Figure 14. Target detection results using the off-board GPU-based ground station: (a) Real-time segmentation using DeepLabv-3, (b) YOLOv3, (c) mask-R-CNN, (d) SSD-Mobilenet, (e,f) YOLOv2, (g) YOLO-9000m, and (h) YOLOv3.
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Figure 15. Target tracking results using Deep SORT and YOLOv3 from the drone using (a) Xavier and (b) the off-board GPU-based ground station.
Figure 15. Target tracking results using Deep SORT and YOLOv3 from the drone using (a) Xavier and (b) the off-board GPU-based ground station.
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Figure 16. Target detection results from the drone of (a) YOLO tiny using Odroid XU4 + NCS and (b) SSD-MobileNet using Odroid XU4 + NCS.
Figure 16. Target detection results from the drone of (a) YOLO tiny using Odroid XU4 + NCS and (b) SSD-MobileNet using Odroid XU4 + NCS.
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Figure 17. Average GPU usage percentage from (a) Xavier and (b) TX2.
Figure 17. Average GPU usage percentage from (a) Xavier and (b) TX2.
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Figure 18. (a) Memory usage and (b) average CPU usage percentage in Xavier.
Figure 18. (a) Memory usage and (b) average CPU usage percentage in Xavier.
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Figure 19. Plot diagram of the error between the image and target center vs. distance.
Figure 19. Plot diagram of the error between the image and target center vs. distance.
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Table 1. Specifications of the drone and camera.
Table 1. Specifications of the drone and camera.
SystemPatch Size/StrideOutput Size
UAVConfiguration typeX-configuration
Dimension (including propeller) 30   cm × 30   cm × 25   cm ( l × w × h )
Durance20 min
Payload (total)2.5 kg
Altitude300 m
Camera
(oCam: 5-MP USB 3.0 Camera)
Dimension 42   mm × 42   mm × 17   mm ( l × w × h )
Weight35 g
Resolution1920 × [email protected] fps
Table 2. Comparison between Jetson modules used for target detection and tracking.
Table 2. Comparison between Jetson modules used for target detection and tracking.
TX1 1TX2 2AGX XAVIER 3
GPUNVidia Maxwell™ GPU with 256 NVidia® CUDA® CoresNVidia Pascal™ architecture with 256 NVidia CUDA cores512-core Volta GPU with Tensor Cores
DL AcceleratorNoneNone(2x) NVDLA Engine
CPUQuad-core ARM® Cortex®-A57 MPCore ProcessorDual-core Denver 2 64-bit CPU and quad-core ARM A57 complex8-Core ARM v8.2 64-bit CPU, 8-MB L2 + 4 MB L3
MEMORY4 GB LPDDR4 Memory8 GB 128-bit LPDDR416 GB 256-bit LPDDR4x | 137 GB/s
STORAGE16 GB eMMC 5.1 Flash Storage32 GB eMMC 5.132 GB eMMC 5.1
VIDEO ENCODE4K @ 302 × 4K @ 30 (HEVC)8 × 4K @ 60 (HEVC)
VIDEO DECODE4K @ 302 × 4K @ 30, 12-bit support12 × 4K @ 30 12-bit support
JetPack SupportJetpack 2.0~3.3Jetpack 3.0~3.3JetPack 4.1.1
1 NVidia Jetson TX2 delivers twice the intelligence to the edge. Available online: devblogs.nvidia.com/jetson-tx2-delivers-twice-intelligence-edge (accessed on 3 March 2019). 2 JETSON TX2. Available online: www.nvidia.com/en-us/autonomous-machines/embedded-systems/jetson-tx2 (accessed on 3 March 2019). 3 Jetson AGX Xavier Developer Kit. Available online: https://developer.nvidia.com/embedded/buy/jetson-agx-xavier-devkit (accessed on 3 March 2019).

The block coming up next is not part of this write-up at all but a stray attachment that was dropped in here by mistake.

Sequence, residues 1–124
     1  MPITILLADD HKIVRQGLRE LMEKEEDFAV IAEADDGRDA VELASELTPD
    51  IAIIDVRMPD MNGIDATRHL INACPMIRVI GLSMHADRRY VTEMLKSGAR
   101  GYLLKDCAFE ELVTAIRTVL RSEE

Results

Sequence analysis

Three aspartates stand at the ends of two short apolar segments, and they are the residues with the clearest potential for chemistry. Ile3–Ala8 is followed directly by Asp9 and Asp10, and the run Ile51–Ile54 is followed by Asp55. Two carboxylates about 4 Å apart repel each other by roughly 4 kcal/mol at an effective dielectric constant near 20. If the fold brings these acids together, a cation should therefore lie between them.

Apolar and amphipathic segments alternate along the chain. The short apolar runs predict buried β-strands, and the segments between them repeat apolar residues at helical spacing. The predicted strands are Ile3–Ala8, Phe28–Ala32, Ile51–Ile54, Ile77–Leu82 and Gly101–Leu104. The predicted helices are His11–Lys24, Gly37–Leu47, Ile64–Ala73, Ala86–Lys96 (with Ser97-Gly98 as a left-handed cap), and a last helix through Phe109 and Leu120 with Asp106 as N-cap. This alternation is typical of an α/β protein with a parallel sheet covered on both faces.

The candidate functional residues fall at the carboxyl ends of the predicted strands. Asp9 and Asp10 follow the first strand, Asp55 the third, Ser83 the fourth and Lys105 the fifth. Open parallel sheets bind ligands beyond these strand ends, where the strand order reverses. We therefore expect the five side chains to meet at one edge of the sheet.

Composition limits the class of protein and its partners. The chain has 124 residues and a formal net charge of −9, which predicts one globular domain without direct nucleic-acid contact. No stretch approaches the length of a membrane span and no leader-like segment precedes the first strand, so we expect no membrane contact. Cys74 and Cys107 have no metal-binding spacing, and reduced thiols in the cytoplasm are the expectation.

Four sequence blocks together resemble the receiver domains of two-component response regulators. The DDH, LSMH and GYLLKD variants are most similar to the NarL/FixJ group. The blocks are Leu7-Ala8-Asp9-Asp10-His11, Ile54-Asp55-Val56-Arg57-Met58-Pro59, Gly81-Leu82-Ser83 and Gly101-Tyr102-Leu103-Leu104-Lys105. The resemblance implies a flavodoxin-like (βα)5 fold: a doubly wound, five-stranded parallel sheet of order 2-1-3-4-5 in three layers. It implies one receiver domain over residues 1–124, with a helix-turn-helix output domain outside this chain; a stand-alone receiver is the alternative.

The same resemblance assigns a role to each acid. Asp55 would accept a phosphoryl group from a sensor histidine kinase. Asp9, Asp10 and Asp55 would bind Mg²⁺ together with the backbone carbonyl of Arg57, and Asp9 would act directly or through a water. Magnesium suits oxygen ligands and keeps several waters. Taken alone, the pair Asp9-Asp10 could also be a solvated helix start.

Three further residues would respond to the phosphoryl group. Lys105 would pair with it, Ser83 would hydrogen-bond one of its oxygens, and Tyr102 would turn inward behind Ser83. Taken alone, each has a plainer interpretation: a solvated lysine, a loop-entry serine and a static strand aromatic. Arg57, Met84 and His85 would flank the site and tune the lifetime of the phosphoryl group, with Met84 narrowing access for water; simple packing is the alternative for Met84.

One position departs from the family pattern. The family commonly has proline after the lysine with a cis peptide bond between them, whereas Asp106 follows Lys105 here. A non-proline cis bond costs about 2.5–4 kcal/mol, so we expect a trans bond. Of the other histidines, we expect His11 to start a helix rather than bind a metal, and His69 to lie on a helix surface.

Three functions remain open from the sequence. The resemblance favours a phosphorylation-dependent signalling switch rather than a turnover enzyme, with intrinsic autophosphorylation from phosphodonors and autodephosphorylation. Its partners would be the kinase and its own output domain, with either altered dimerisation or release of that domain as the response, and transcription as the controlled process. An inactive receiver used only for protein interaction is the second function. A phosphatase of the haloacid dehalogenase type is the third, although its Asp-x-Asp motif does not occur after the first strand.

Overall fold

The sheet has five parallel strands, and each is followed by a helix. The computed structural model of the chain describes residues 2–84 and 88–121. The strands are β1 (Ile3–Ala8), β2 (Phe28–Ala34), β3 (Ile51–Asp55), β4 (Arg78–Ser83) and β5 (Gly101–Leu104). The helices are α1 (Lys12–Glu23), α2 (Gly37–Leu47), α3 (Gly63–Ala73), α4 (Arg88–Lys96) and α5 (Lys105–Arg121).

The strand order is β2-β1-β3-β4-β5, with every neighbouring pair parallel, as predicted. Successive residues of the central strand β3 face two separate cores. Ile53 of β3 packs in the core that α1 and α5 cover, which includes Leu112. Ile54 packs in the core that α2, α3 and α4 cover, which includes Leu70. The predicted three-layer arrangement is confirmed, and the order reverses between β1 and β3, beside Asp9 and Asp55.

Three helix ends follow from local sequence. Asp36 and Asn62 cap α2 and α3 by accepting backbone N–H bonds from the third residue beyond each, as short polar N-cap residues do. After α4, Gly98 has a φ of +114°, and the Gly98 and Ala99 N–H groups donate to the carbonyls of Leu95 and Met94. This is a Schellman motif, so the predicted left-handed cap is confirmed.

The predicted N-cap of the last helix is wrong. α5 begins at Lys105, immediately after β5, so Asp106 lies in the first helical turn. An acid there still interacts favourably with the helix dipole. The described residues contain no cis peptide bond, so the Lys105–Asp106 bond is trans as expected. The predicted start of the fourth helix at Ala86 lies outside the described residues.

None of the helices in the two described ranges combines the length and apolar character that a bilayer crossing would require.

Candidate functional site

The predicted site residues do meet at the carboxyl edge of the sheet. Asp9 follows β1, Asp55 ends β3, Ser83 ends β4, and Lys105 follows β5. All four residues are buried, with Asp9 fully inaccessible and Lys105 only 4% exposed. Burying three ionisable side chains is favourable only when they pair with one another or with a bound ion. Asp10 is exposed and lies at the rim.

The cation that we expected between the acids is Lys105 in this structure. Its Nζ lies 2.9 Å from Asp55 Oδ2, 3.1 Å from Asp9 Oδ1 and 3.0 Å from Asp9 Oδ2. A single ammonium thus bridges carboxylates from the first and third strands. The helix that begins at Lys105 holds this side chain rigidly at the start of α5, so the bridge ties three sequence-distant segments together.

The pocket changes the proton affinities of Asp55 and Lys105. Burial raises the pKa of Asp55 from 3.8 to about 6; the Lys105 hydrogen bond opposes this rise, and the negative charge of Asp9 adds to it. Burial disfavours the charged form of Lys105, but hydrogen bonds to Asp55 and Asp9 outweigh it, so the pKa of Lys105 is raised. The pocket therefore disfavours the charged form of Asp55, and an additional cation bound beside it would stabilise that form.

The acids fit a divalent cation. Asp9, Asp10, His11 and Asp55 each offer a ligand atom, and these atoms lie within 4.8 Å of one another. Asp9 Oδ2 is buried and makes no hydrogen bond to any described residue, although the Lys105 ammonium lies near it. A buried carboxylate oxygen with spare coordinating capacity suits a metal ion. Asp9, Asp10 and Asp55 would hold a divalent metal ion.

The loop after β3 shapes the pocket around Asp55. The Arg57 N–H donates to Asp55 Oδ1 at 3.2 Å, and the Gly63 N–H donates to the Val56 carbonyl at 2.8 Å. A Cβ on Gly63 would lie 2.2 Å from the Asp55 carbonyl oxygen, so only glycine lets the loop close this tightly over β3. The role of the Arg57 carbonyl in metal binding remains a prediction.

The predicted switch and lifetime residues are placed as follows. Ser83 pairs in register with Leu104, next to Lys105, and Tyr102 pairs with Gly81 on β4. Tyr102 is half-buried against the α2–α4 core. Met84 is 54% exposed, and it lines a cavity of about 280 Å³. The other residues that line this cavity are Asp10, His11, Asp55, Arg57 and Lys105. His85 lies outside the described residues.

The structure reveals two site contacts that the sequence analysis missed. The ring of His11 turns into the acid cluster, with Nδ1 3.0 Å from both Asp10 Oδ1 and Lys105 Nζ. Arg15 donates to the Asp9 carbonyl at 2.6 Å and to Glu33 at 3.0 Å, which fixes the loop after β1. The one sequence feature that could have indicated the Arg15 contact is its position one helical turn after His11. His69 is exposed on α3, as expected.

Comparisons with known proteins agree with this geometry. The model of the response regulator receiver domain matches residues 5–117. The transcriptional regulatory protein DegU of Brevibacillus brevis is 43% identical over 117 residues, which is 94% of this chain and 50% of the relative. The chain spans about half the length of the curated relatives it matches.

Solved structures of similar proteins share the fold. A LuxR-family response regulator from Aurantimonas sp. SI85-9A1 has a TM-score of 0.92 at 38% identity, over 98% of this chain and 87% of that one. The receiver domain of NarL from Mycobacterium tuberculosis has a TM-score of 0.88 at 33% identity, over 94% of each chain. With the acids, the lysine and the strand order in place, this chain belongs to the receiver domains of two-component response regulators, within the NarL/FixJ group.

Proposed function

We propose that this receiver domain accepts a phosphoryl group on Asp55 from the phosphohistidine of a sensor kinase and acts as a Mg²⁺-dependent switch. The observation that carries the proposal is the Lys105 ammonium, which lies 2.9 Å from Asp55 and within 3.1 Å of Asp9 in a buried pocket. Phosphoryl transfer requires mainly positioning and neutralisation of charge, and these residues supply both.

Table 3. Basic comparison between Raspberry Pi 3, Latte Panda, and Odroid Xu4.
Table 3. Basic comparison between Raspberry Pi 3, Latte Panda, and Odroid Xu4.
Raspberry Pi 3 1Latte Panda 2Odroid Xu4 3
CPU1.2 GHz 64-bit quad-core ARMv8 CPUIntel Cherry Trail Z8350 Quad Core 1.44-GHz Boost 1.92 GHzSamsung Exynos5422 Cortex™-A15 2 GHz and Cortex™-A7 Octa core CPUs
GPUBroadcom video core 4Intel HD Graphics, 12 EUs @ 200–500 MHzMali-T628 MP6
MEMORY1 GB4 GB DDRL3L2-Gbyte LPDDR3 RAM PoP stacked
STORAGESupport MicroSD64 GB eMMCSupports eMMC5.0 HS400 and/or micro SD
1 Raspberry Pi 3 Model B. Available online: www.raspberrypi.org/products/raspberry-pi-3-model-b/ (accessed on 3 March 2019). 2 Latte Panda 4G/64G. Available online: www.lattepanda.com/products/3.html (accessed on 3 March 2019). 3 Description: Odroid Xu4. Available online: www.hardkernel.com/shop/odroid-xu4-special-price (accessed on 3 March 2019).
Table 4. Overview of the CNN architecture.
Table 4. Overview of the CNN architecture.
NamePatch Size/StrideOutput Size
Conv 1 3 × 3 1 32 × 128 × 64
Conv 2 3 × 3 1 32 × 128 × 64
Max Pool 3 3 × 3 2 32 × 64 × 32
Residual 4 3 × 3 1 32 × 64 × 32
Residual 5 3 × 3 1 32 × 64 × 32
Residual 6 3 × 3 2 64 × 32 × 16
Residual 7 3 × 3 1 64 × 32 × 16
Residual 8 3 × 3 2 128 × 16 × 8
Residual 9 3 × 3 1 128 × 16 × 8
Dense 10128
Batch and l 2 normalization128
Table 5. Performance comparison between Jetson modules and GTX 1080 used for target detection and tracking.
Table 5. Performance comparison between Jetson modules and GTX 1080 used for target detection and tracking.
TX1TX2Xavier AGXGPU-Based Ground Station:
Gtx 1080
YOLOv22.9 FPS7 FPS26~30 FPS28 FPS
YOLOv2 tiny voc6~7 FPS15~16 FPS29 FPS30+ FPS
YOLOv3---3 FPS16~18 FPS15.6 FPS
YOLOv3 tiny9~10 FPS12 FPS30 FPS30+ FPS
SSD8 FPS11~12 FPS35~48 FPS32 FPS
DeepLab-v3 Semantic Segmentation--2.2~2.5 FPS10 FPS15~16 FPS
Faster R-CNN0.9 FPS1.3 FPS--
Mask R-CNN------2~3 FPS
YOLOv3 + Deep SORT--2.20 FPS10 FPS13 FPS
Table 6. Performance comparison between Raspberry Pi 3, Latte Panda, and Odroid Xu4.
Table 6. Performance comparison between Raspberry Pi 3, Latte Panda, and Odroid Xu4.
SystemsYOLOSSD Mobile Net
Movidius NCS + Raspberry Pi1 FPS5 FPS
Movidius NCS + Latte Panda1.8 FPS5.5~ 5.7 FPS
Movidius NCS + Odroid2.10 FPS7~8 FPS
Just Odroid without Movidius NCS--1.4 FPS